USDA Orders Largest Ever Beef Recall
The U.S. Department of Agriculture (USDA) issued a recall yesterday of 143 million pounds of beef from Hallmark/Westland Meat Packing Co. of Chino, California, after the beef was determined to be unfit for human consumption because the cattle did not receive complete and proper inspection. The recall includes frozen beef products from the company dating back to February 1, 2006.
The beef recall is the largest in U.S. history, surpassing a 1999 ban of 35 million pounds of ready-to-eat meats thought to be contaminated with listeria.
Officials said Hallmark/Westland had allowed meat from cattle unable to stand at the time of slaughter to enter the food chain. Such “downer” cattle are at greater risk of contamination by E. coli, salmonella or contracting mad cow disease, as they have weaker immune systems and greater contact with feces than standing cattle.
Earlier this month, authorities suspended after an undercover video surfaced which showed sick and crippled animals being prodded with the blades of a forklift truck, kicked, given electric shocks and sprayed with high-pressure water hoses by staff in an effort to get them to their feet before slaughter.
The meat-packing plant is currently the subject of an animal cruelty investigation, and last Friday California prosecutors charged two former Hallmark/Westland employees with animal cruelty. At this time, no charges have been filed against Hallmark/Westland, but the USDA investigation continues.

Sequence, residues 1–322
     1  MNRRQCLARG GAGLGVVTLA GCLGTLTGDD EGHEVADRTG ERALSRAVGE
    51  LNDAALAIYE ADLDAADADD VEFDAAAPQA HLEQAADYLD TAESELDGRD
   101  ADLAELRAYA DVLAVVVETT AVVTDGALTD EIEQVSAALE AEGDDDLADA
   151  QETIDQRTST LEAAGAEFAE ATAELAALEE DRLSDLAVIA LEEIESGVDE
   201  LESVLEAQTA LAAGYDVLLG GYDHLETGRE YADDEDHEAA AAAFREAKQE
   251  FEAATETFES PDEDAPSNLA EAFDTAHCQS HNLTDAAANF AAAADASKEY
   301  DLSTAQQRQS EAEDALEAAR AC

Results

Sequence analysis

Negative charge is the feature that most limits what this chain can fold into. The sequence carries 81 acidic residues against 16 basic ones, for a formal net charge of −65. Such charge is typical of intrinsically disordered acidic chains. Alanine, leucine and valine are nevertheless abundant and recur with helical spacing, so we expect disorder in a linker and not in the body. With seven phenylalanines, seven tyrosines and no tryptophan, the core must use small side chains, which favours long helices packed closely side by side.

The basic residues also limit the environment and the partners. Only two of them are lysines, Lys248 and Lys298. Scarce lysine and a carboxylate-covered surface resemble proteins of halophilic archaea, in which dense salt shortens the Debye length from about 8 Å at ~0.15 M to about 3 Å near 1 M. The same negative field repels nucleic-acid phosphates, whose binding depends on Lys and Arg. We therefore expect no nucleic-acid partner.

“A recall of this staggering scale proves that it’s past time for Congress and the USDA to strengthen our laws for the sake of people and animals,” said Wayne Pacelle, president of the U.S. Humane Society.
The USDA classified the recall as Class 2, meaning there is a remote probability that the beef could be harmful if consumed, but said authorities had found no cases of illness linked to the newly recalled meat.
“We don’t know how much product is out there right now. We don’t think there is a health hazard, but we do have to take this action,” Dick Raymond, USDA undersecretary for food safety, told Associated Press.
Officials said most of the recalled meat has likely been eaten already. They reported that 37 million pounds of the beef had gone to school lunch and other federal nutrition programs, while some was also supplied to major fast-food chains.
In a statement by Agriculture Secretary Ed Shafer, he said he had been “dismayed by the inhumane handling of cattle” that resulted in the violation of food safety regulations at Westland/Hallmark.
“It is extremely unlikely that these animals were at risk for BSE [mad cow disease] because of the multiple safeguards; however this action is necessary because plant procedures violated USDA regulations,” he added.
A February 3rd statement issued by Hallmark/Westland president Steve Mendell said the company is co-operating with the USDA and called the practices shown in the video as “a serious breach of our company’s policies and training”.
“We have taken swift action regarding the two employees identified on the video and have already implemented aggressive measures to ensure all employees follow our humane handling policies and procedures.”
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